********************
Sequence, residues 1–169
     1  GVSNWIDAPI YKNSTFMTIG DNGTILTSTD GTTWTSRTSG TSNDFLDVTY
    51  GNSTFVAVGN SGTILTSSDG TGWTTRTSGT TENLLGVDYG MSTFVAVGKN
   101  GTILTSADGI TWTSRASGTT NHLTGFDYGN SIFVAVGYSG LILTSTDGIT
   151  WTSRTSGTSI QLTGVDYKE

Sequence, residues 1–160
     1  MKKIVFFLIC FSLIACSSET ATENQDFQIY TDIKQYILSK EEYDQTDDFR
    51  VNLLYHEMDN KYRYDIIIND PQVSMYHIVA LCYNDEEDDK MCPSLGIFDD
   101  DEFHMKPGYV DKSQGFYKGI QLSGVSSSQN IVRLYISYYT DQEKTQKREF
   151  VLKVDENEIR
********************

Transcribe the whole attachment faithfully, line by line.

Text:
Sequence, residues 1–169
     1  GVSNWIDAPI YKNSTFMTIG DNGTILTSTD GTTWTSRTSG TSNDFLDVTY
    51  GNSTFVAVGN SGTILTSSDG TGWTTRTSGT TENLLGVDYG MSTFVAVGKN
   101  GTILTSADGI TWTSRASGTT NHLTGFDYGN SIFVAVGYSG LILTSTDGIT
   151  WTSRTSGTSI QLTGVDYKE

Sequence, residues 1–160
     1  MKKIVFFLIC FSLIACSSET ATENQDFQIY TDIKQYILSK EEYDQTDDFR
    51  VNLLYHEMDN KYRYDIIIND PQVSMYHIVA LCYNDEEDDK MCPSLGIFDD
   101  DEFHMKPGYV DKSQGFYKGI QLSGVSSSQN IVRLYISYYT DQEKTQKREF
   151  VLKVDENEIR